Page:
By Robbin Laird
Recently, I published my book My Fifth Generation Journey: 2004-2018 in which I highlighted how a program not supported by three presidents nor actively by any Secretary of Defense became the dominant air combat system being flown in the era of “great power competition.”
I intend to publish a second volume next year focused particularly on the partners and their key role in the program.
But a key part of the story is Denmark and for me the very unusual conference held in Copenhagen in 2015 between the Williams Foundation and the Centre of Military Studies of the University of Copenhagen.
One of the key presenters at the Conference was Col. Anders Rex, Chief of the Expeditionary Air Staff of the Danish Air Force, who coined the phrase “coalitionability” to express his focus on the core requirement of allied air forces and defense forces shaping ways to work more effectively with one another in dealing with twenty-first century challenges.
Rex went on to become Major General Rex and head of the Air Force where he organized visits for me in Denmark to their bases and to see first-hand their preparation for the arrival of their F-35s and their preparation for fifth-generation enabled combat operations.
He went on to work at senior positions in MoD and is now based in Washington as the Defence Attache.
Upon my return from the DSEI conference in London which was being held while the first Danish F-35s arrived in Denmark, I sat down with Major General Rex to discuss the way ahead, notably in terms of the drive for further integration of the Nordics in terms of defense capabilities and effort.
Major General Rex noted that of course the Air Force would be focused on the standup of their F-35 force, training, equipping and operating the force.
But with the challenges the West faces it was crucial to integrate the capabiltiies which we have more effectively, and the F-35 could be an important stimulant to that process or as I have called it a forcing function aircraft.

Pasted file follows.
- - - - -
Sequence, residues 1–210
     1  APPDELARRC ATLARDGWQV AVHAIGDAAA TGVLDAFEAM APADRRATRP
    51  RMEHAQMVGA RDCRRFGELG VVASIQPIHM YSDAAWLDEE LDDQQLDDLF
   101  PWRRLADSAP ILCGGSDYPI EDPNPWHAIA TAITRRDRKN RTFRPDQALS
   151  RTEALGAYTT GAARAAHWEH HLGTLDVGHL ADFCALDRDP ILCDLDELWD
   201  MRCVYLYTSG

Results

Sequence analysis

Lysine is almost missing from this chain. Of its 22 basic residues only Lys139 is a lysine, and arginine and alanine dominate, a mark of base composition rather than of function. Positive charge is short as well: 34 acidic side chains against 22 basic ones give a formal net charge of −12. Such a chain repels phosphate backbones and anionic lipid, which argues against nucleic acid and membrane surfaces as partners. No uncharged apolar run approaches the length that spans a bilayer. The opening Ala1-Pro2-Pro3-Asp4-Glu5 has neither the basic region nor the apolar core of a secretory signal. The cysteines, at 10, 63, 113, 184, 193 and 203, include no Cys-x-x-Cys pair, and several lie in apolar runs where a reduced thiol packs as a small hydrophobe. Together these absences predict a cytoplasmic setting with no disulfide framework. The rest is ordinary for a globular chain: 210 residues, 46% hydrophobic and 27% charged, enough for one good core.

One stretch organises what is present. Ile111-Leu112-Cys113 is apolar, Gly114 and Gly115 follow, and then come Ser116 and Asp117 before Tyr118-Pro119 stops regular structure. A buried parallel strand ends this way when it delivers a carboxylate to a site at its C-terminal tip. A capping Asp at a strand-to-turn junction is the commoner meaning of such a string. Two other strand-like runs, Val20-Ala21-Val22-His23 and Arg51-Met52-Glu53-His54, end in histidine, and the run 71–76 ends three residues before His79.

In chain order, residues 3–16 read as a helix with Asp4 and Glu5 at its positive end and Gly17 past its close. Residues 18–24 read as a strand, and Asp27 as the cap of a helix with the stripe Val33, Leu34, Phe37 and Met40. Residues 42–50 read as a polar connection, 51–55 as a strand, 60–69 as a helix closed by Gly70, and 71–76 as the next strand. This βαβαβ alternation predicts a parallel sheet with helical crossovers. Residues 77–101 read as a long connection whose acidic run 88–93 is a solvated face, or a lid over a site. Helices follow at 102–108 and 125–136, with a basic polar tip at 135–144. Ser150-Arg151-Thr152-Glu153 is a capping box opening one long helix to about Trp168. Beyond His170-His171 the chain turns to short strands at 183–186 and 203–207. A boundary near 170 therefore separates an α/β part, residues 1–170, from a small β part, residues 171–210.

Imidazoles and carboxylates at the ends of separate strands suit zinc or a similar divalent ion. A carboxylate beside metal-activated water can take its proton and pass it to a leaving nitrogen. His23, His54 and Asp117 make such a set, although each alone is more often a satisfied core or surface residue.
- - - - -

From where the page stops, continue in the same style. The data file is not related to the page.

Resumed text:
But this rests upon much more effective integration of the data generated by the force. “We need to be able to much more effectively share data among our F-35s and with other elements of the force as well.”
Significant progress in data sharing is a key theme when we last talked.
In that 2021 interview held in Copenhagen, he underscored: “For me, joint all domain C2 is clearly the future. But at the same time we have to work on enhanced capabilities with the current force. We need focus on both in parallel. Denmark does not have the muscle to shape the future of all domain command and control, but we also need to drive the change – we need now to get the job done.
“What I have been focused on over the past couple of years, is to make our force better now. Today. We actually already have the capability to shape more effective networks of ISR and C2 without significant investments. For example, we are leveraging the joint range extension application protocol (JREAP) that requires modest investments, and it is a way for us, our allies and coalition partners to build a modest combat cloud linking our data.”
So the coming of the F-35s to Denmark is an important step forward but needs to be part of an allied effort for more effective force integration among the allies, notably those allies flying or going to fly the same aircraft in the region.
Major General Rex underscored: “We put so many limitations on ourselves with regard to data sharing. The first one is policy. The technology is driving greater amounts of data and possibilities of sharing.
“But we need for policy to catch up with technology. There is no clearer case of this than building a global fleet of F-35s and the significant possibility of shared data and integrated operations. We just need to get on with it.”
He argued that “if you put F-35 pilots together with destroyer or submarine captains they can figure out how to work together and share information.
“We need to enable their innovation with the emergence of data rich platforms. I think the point is there is a critical need to make the most out of what our force could do better now and not just pursuing future options and dreams.”
Featured Photo: One of the first four F-35 Lightning II take off from the Lockheed Martin Fort Worth facility enroute to Fighter Wing Skrydstrup, Skrydstrup Air Base,Vojens, Denmark. Credit: Lockheed Martin